Spencer Ludwig

March 28, 2017

A trumpeter, singer, producer, and dancer who rocks alligator shoes with smoking style and panache, Spencer Ludwig brings any party to life. Chances are, you’ve heard his lyrical lead trumpet soaring through the music of multiplatinum-selling indie pop act Capital Cities. Following a whirlwind two years in the group, he returned to Los Angeles in December 2014 and commenced writing solo material that showcased both his trumpet talents and dynamic, diverse vocals. On his 2016 solo debut for Warner Bros. Records, he merges jazz virtuosity and pop style for a sound that simmers and swaggers with soul.

What are some recent, upcoming or current projects you are working on? Well, right now I’m solely focused on my solo project. I have an album that is complete, which I worked on for the last two years and I’m now just starting to get the material out. I just released my first official music video a couple days ago, which was very exciting to be a part of. I’ve been a part of music videos, but being the lead is extremely demanding and where I took on most of the dancing responsibility. When I walked into rehearsal they were not expecting me to learn any dance moves. They just wanted me to stand there and let the dancers move around me, but I was so into what they were doing, I ended up learning the dance and I’m seen dancing the whole video. I like challenges and I like learning new things.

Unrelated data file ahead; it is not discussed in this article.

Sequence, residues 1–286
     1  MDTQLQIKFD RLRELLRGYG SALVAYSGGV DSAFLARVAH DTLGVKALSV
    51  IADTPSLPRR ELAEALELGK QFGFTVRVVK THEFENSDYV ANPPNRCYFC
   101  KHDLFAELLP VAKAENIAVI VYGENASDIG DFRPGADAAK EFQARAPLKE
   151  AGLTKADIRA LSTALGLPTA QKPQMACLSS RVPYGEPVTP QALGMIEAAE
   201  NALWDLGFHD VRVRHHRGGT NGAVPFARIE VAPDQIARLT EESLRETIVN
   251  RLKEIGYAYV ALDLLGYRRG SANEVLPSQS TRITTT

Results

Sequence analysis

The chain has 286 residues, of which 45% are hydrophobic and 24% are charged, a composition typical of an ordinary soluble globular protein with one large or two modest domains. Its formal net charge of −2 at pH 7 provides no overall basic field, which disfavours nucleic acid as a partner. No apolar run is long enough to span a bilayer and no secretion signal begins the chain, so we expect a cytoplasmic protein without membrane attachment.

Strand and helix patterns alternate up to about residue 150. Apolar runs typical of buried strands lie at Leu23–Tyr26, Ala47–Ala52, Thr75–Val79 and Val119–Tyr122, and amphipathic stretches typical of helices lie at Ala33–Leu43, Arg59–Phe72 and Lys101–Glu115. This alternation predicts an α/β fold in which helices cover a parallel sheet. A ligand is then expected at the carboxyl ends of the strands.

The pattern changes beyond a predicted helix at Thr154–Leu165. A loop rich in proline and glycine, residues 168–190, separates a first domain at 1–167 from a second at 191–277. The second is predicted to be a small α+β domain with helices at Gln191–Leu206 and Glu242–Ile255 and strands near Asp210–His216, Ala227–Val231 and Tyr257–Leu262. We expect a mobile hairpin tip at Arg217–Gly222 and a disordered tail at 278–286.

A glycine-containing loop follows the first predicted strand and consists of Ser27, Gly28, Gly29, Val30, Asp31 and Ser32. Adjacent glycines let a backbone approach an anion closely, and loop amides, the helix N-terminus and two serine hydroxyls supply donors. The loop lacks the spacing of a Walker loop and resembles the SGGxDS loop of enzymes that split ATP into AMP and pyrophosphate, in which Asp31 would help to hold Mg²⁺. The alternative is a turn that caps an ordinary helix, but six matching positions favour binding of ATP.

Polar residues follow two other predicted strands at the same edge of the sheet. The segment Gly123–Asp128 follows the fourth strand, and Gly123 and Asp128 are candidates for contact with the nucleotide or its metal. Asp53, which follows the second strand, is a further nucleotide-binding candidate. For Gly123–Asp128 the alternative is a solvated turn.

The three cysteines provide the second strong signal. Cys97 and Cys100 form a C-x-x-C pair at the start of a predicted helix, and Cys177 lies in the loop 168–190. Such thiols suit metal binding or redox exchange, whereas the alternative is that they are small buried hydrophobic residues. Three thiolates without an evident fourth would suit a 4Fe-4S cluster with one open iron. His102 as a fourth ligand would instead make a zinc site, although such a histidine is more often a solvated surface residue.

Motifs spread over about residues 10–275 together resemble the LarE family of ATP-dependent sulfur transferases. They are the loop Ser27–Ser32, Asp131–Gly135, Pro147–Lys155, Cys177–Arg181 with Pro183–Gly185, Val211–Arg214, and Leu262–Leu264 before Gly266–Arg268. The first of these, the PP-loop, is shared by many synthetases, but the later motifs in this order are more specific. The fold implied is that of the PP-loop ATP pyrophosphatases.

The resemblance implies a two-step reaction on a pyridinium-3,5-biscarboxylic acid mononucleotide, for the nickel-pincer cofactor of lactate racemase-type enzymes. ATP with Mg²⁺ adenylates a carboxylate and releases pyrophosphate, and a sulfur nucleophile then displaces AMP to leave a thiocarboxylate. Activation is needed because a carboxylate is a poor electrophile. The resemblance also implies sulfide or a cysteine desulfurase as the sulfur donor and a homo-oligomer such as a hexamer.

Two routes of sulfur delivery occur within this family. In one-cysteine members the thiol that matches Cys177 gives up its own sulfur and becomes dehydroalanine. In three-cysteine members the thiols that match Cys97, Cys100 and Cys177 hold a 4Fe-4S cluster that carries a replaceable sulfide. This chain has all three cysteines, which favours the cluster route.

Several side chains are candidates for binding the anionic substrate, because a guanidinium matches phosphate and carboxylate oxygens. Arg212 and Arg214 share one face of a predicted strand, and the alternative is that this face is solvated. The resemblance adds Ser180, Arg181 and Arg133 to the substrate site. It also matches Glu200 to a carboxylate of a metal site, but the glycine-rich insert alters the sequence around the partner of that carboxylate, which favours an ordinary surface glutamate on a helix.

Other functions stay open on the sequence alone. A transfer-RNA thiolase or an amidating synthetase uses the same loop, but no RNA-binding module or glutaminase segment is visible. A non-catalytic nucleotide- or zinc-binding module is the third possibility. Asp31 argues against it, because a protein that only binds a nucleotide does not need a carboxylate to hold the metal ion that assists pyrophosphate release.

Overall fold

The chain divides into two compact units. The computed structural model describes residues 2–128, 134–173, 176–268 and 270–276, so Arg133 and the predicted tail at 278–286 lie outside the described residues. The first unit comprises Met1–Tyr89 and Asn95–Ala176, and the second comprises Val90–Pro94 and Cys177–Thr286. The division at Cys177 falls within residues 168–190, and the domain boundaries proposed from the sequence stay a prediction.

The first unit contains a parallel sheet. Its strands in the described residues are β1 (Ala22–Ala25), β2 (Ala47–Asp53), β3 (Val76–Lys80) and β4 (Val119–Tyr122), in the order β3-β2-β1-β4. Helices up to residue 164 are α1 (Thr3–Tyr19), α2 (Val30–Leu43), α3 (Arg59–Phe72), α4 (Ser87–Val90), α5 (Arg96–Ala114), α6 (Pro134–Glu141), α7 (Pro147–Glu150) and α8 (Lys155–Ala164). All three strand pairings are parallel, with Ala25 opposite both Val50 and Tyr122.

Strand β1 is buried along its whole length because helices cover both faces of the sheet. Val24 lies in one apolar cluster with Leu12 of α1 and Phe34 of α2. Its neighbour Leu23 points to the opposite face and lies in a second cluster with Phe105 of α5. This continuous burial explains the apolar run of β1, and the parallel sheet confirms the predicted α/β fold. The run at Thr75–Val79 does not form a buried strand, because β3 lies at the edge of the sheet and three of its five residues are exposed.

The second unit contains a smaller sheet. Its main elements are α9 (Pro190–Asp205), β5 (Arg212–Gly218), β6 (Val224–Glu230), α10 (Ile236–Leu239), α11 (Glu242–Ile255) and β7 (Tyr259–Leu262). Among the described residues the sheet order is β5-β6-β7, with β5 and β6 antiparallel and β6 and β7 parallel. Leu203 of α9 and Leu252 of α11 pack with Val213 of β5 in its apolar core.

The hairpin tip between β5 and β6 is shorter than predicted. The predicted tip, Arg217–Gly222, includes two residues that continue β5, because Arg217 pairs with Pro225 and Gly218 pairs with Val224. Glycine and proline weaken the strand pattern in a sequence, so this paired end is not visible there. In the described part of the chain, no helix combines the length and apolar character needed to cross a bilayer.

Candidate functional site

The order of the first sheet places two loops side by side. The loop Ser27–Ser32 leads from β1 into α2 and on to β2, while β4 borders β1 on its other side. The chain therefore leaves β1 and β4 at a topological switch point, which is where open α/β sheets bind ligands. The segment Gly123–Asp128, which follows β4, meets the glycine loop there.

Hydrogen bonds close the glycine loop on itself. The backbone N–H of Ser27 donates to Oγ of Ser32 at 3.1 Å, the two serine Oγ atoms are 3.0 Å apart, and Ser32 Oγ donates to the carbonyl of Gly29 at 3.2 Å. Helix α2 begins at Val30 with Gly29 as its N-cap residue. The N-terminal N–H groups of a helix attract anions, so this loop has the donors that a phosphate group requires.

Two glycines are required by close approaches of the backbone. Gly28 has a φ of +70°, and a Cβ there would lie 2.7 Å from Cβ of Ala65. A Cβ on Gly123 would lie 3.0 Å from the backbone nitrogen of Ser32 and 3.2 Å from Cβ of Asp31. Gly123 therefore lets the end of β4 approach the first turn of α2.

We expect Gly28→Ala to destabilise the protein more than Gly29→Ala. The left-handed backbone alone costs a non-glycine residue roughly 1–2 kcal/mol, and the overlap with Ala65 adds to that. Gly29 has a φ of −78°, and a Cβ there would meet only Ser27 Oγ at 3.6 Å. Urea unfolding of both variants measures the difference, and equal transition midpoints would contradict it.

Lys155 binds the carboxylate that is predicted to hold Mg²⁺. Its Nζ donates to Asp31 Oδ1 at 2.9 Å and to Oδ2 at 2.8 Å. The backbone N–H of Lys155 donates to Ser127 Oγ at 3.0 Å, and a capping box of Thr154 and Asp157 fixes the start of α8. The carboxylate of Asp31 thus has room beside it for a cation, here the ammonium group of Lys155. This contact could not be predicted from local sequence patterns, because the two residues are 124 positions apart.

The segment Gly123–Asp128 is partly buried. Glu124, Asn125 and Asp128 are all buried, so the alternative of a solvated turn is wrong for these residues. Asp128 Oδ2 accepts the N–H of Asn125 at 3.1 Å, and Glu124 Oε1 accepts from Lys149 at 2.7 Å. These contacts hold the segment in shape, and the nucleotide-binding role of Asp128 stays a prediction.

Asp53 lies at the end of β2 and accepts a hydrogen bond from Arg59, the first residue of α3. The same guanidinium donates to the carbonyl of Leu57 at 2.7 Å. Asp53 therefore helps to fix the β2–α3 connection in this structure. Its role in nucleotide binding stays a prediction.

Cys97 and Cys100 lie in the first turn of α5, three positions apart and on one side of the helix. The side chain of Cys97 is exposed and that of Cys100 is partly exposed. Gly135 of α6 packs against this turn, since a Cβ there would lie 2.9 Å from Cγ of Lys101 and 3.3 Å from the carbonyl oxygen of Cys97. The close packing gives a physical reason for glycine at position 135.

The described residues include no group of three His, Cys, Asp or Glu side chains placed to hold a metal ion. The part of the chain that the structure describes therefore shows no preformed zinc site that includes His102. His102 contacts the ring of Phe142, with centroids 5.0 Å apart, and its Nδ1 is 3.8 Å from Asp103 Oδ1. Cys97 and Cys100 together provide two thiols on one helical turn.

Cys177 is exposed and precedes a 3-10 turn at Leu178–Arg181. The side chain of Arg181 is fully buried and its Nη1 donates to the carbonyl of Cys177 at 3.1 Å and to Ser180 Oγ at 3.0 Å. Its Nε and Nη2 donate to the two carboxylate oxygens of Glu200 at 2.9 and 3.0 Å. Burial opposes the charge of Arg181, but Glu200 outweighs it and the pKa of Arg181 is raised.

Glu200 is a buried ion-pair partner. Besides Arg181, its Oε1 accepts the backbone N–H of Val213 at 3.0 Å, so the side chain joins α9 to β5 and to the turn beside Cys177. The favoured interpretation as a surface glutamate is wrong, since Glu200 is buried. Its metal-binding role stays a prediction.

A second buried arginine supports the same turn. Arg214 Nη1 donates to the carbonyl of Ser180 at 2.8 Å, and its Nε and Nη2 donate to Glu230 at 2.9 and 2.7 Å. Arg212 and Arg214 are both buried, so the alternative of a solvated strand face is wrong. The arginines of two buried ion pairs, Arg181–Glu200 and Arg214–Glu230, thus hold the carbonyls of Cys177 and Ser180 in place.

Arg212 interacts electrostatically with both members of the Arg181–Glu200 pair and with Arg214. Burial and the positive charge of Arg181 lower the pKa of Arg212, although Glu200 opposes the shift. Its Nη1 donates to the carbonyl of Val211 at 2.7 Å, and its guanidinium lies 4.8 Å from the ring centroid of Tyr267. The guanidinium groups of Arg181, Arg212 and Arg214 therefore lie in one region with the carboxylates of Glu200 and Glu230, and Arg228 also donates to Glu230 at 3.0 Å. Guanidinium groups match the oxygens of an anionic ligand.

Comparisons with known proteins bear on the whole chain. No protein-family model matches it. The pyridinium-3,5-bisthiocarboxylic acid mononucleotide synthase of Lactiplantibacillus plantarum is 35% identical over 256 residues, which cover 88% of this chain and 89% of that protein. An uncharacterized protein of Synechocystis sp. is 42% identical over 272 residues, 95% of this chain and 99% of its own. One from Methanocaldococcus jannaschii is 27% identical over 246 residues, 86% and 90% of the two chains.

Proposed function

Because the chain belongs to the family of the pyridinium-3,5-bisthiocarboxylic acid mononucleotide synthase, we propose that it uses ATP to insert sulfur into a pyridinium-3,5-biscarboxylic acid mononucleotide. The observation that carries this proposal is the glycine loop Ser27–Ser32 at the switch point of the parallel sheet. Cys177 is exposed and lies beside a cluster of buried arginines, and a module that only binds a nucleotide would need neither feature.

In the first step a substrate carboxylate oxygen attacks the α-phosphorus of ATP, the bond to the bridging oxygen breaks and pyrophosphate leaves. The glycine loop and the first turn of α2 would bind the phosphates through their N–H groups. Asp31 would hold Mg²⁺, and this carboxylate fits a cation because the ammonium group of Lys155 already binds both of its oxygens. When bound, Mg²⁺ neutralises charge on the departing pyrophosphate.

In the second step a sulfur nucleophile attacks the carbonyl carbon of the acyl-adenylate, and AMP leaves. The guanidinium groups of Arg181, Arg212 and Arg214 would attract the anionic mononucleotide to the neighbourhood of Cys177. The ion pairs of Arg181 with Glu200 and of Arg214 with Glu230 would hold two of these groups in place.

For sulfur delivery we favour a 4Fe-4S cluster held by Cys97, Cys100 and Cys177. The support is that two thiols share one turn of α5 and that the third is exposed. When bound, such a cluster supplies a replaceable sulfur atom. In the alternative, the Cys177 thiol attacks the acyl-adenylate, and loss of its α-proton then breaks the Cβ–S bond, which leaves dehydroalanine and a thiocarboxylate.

I feel like this solo project is this ongoing educational experience where I’m constantly growing and learning and doing new things. Two years ago, I never would have thought I was gonna be the lead singer of my own project. I went to school and studied jazz, and thought trumpet was gonna be my bread and butter, but now I feel that trumpet is like an accent of what I do.